Given the current circumstances the world is facing, a lot of news sources are taking it upon themselves to reinforce how threatening these times can be for someone in recovery. For better or worse, this kind of news might be leaving you to feel like you are being judged or examined by friends and family because they are incorporating your past behaviors into these stories and therefore lumping you into these scenarios. This is damaging to your recovery, as well as your optimism. You might be feeling like you have failed before you even had a chance to adapt, and that is unfair.
Don’t Compare Opinions
It might be easy to succumb to the pressures of trying to prove somebody wrong if they think a certain way about you. Because of this, you might begin to adopt their opinions of you. For example, if some friends still see you as a person standing on shaky ground who does not have the ability to overcome the challenges of our current situation, you might try to show them that you are not that person. In turn, you are actually showing them that you are that person standing on shaky ground—and before you know it, you may begin to believe this about yourself, too.
They Don’t Know You How You Know Yourself
Do not turn things into a competition of who is right or wrong. Remember who you are and show your friends and family that person. You know the impact your addiction has had on your life: you have had to experience a journey of ups and downs to finding and maintaining your sobriety. Along the way, you have been able to achieve things that you never thought you could or would. These challenges helped to reinforce what matters to you, and have given you the tools to continue to grow yourself when new challenges arise. While the people in your life and their opinions of you might matter to you, they do not define you.
Sometimes your friends and family try to show support by advising you or reassuring you of the dangers you are facing by lending advice—when all you need is someone to listen. Though they might mean well, their advice is counterintuitive to your recovery. However, you have the choice to not take their advice. If something sits with you, then certainly listen, but you can also reject what is not relevant to you. Since you put your recovery first, you know what is best for you and therefore can make your own decisions. You have taken the time to understand your core values and the decisions you made leading up to today. Support the quality of trust you have in yourself.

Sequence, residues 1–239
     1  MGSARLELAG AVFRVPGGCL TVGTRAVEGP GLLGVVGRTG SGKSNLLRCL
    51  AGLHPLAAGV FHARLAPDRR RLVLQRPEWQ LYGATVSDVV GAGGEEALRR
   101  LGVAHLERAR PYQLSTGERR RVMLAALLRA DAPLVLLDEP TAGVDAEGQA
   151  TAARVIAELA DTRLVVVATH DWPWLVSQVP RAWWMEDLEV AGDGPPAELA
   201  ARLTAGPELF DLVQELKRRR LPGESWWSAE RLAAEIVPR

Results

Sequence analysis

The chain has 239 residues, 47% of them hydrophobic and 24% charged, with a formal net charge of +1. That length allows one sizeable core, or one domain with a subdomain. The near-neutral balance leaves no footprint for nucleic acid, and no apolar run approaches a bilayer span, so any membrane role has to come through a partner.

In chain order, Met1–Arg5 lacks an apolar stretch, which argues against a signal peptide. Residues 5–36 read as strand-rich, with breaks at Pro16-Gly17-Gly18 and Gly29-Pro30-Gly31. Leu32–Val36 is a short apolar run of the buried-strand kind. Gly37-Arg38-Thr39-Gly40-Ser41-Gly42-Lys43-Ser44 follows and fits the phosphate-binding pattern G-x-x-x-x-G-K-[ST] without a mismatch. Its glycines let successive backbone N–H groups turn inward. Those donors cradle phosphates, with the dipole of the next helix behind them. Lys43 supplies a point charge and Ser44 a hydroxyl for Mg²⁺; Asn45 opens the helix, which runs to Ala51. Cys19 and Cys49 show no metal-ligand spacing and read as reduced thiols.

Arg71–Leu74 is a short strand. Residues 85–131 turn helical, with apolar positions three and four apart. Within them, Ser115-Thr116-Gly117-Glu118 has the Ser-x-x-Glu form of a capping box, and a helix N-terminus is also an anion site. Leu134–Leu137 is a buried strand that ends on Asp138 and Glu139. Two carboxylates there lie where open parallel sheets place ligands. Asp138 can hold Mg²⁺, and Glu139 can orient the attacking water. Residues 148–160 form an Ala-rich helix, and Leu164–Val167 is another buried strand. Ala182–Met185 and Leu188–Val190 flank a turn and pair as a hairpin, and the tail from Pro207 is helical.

Know Your Truth
You have had to practice this before. When you know your truth, you can accept your truth with confidence. You stopped drinking because you had a problem. This understanding of truth will display a very clear language for those who might have questioned your sobriety before. You know what you are up against, but if you are honest about how you feel, you will be honest about what you want. If you are feeling uncertain, reassure yourself of what is important to you. What do you enjoy? What frustrates you? Your answers might be influenced by the current situation, but by getting in touch with these feelings, you will begin to create your truth.
Forgive and Help Others
Most of your friends and family likely will never completely understand the challenges of recovery, because they probably have not gone through it. Continue to work hard and accept that your friends and family might never fully get it. That said, given the current situation, your friends and family could be experiencing feelings similar to those you have in recovery; they fear becoming sick, are feeling isolated, and possibly developing or indulging in a bad habit of their own. Not everyone is equipped with the kinds of tools that you have, therefore they might be projecting their fears upon you. While this is not fair, you must remember to forgive. You could also see this as an opportunity to show them who you really are by helping them through this difficult time.
Stay in Touch With Your Friends From Recovery
If you are still feeling a disconnect from friends and family, it is important to stay in touch with those who know what it means to be sober. Continue to communicate online: meetings, chat rooms, emails, video calls, etc. These people will never question your motives, and they won’t judge you based on your past. With them, you share the wisdom that can only come from knowing yourself through recovery.
If you are still experiencing doubt, remember that there is always help. True Recovery understands that sometimes your recovery needs some reassurance. Given the current times, you cannot have too much reassurance. This is why at True Recovery, we focus on finding the right treatment plan specific to your recovery needs. If you are feeling that you need to reach out, don’t wait—call us today at (866)-399-6528.